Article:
Ksenia Power

Assistant Professor of Instruction
Health and Rehabilitation Sciences
248 Pearson Hall


Ksenia Power is an assistant professor in the Department of Health and Rehabilitation Sciences at Temple University. She completed her PhD in kinesiology (psychology of human movement concentration) at Temple University, where she also instructed kinesiology courses for undergraduate students. Dr. Power's research interests include eating disorders and compulsive exercise in collegiate athletes (dissertation topic); facilitation of post-graduation exercise adherence and sport commitment for NCAA athletes; and exercise promotion and adherence for adult and underserved populations. Dr. Power has also served as a volunteer assistant women’s tennis coach at Temple University since 2016. Prior to her career at Temple, she obtained a master’s degree at The University of Akron in sport science and wellness education with a concentration in physical education and coaching. For her master’s thesis, Dr. Power examined the effects of coaching behaviors, intrinsic motivation and scholarship status on NCAA Division I tennis players’ sport commitment. Dr. Power received her bachelor’s degree in communications from The University of Akron, where she also played Division I tennis from 2010 until 2014.


  • PhD, Kinesiology, Temple University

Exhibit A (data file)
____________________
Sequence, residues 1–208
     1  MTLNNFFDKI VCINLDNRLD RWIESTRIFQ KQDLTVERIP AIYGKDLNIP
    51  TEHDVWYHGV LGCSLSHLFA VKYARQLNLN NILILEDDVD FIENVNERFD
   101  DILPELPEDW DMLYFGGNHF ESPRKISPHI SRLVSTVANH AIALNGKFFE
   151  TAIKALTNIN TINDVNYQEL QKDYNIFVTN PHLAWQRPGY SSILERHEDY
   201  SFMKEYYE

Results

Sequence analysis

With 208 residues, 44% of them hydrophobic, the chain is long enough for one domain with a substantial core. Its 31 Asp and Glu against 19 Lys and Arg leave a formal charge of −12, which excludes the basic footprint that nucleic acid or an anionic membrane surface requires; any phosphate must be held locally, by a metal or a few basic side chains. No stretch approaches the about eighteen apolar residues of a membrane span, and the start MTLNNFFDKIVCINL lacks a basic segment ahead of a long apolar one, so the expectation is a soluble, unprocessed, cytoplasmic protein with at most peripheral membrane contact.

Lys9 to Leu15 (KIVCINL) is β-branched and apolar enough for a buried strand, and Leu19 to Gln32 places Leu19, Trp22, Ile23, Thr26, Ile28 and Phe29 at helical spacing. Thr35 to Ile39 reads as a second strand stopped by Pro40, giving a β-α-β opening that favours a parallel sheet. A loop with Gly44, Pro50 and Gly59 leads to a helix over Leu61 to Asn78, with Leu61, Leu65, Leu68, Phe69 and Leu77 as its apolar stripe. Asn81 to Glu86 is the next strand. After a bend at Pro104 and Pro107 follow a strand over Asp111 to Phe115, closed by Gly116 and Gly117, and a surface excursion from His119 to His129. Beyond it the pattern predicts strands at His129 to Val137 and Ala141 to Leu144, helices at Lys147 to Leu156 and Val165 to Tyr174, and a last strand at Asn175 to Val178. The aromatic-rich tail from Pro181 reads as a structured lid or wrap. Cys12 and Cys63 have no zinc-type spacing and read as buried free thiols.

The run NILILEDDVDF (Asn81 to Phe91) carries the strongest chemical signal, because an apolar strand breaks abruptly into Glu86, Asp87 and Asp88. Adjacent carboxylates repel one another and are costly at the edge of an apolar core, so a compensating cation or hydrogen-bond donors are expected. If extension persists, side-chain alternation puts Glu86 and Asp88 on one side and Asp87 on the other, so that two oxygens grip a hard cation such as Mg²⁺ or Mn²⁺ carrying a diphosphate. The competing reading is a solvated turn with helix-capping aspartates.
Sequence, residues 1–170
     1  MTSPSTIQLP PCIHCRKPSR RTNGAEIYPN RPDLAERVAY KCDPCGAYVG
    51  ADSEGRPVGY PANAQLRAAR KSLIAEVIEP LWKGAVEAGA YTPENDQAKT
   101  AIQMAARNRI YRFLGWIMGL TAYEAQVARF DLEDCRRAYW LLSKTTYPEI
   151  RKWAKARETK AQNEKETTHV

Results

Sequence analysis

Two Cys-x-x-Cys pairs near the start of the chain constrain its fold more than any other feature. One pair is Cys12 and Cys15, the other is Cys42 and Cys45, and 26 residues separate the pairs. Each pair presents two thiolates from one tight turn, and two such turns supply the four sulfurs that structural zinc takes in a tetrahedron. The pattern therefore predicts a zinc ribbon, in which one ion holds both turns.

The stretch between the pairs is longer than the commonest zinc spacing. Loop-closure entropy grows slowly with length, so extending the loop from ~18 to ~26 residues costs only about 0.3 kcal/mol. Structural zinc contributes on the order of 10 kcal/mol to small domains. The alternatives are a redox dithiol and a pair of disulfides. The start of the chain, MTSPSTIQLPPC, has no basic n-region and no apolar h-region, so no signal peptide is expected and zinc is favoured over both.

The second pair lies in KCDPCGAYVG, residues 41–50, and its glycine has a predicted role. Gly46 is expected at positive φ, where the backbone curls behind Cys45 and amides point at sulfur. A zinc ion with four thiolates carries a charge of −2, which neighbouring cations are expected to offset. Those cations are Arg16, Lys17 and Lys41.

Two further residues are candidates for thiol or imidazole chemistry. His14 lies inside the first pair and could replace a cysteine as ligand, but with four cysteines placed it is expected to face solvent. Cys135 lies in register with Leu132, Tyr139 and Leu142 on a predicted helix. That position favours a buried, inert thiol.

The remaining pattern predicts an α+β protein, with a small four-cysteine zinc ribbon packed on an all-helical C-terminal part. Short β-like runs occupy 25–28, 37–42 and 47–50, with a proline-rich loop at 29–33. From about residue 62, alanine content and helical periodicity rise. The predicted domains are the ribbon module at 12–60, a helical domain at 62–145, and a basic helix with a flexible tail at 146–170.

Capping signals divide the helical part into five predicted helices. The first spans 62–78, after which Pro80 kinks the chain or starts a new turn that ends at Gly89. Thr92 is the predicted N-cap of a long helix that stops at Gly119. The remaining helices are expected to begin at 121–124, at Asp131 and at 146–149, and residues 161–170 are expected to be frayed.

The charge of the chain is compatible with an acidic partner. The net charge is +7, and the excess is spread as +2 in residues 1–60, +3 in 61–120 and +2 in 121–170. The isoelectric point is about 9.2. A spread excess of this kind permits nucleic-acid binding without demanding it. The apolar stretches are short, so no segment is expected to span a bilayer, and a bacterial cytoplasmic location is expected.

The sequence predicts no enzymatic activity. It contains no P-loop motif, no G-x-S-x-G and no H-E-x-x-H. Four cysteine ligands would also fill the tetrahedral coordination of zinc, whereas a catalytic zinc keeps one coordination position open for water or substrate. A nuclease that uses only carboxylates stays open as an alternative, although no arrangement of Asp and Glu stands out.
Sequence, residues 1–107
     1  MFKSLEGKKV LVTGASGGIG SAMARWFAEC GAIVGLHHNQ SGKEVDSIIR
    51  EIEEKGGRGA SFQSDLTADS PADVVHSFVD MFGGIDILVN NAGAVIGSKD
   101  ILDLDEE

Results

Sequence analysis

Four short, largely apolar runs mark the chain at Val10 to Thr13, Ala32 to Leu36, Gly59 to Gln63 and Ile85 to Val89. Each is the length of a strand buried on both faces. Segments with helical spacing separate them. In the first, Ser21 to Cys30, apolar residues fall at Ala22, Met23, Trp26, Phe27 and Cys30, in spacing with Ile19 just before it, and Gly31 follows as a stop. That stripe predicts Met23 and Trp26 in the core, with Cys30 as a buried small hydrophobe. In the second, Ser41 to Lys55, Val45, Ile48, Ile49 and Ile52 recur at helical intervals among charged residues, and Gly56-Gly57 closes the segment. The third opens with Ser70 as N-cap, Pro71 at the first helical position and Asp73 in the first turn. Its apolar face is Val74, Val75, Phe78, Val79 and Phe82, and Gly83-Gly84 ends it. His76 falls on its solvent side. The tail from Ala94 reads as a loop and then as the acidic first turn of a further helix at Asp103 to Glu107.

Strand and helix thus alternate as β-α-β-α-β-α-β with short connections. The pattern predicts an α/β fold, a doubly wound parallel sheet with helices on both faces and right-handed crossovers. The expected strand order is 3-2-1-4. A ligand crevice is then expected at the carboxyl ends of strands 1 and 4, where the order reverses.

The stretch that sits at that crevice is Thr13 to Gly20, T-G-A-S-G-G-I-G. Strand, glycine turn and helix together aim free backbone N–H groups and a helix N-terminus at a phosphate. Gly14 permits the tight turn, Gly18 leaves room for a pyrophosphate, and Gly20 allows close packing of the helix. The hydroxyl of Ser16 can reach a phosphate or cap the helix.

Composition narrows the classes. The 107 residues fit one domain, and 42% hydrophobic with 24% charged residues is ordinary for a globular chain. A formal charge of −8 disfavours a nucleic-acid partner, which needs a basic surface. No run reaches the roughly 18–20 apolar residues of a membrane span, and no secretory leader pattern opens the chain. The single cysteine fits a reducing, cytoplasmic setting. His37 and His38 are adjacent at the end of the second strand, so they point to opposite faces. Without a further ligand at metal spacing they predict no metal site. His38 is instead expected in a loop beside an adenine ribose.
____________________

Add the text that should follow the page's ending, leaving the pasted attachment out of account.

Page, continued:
• MS, Sport Science and Coaching, The University of Akron
  • BA, Communications, The University of Akron

Curriculum Vitae 

Courses Taught




KINS 3196

Psychology of Physical Activity


KINS 4196

Sociology of Physical Activity


KINS 4242

Exercise, Nutrition and Behavior


KINS 4290

Special Topics in Kinesiology


KINS 4396

Research and Writing in Exercise and Sport Science


Selected Publications

  • Bhimla, A., Power, K., Sachs, M., Bermudez, A., Dinh, J., Juan, N.S., & Ma, G.X. (2021). Evaluating psychosocial and physical activity outcomes following an intervention among Filipino Americans. Health Promot Perspect, 11(2), pp. 210-218. Iran. doi: 10.34172/hpp.2021.26

  • (2020). Disordered Eating and Compulsive Exercise in Collegiate Athletes. Temple University. Libraries.

  • Power, K. (2019). The relationship between perceived coaching behaviors, intrinsic motivation, and scholarship status on NCAA Division I tennis players’ sport commitment. Journal of Sport Behavior, 42(3), pp. 277-304.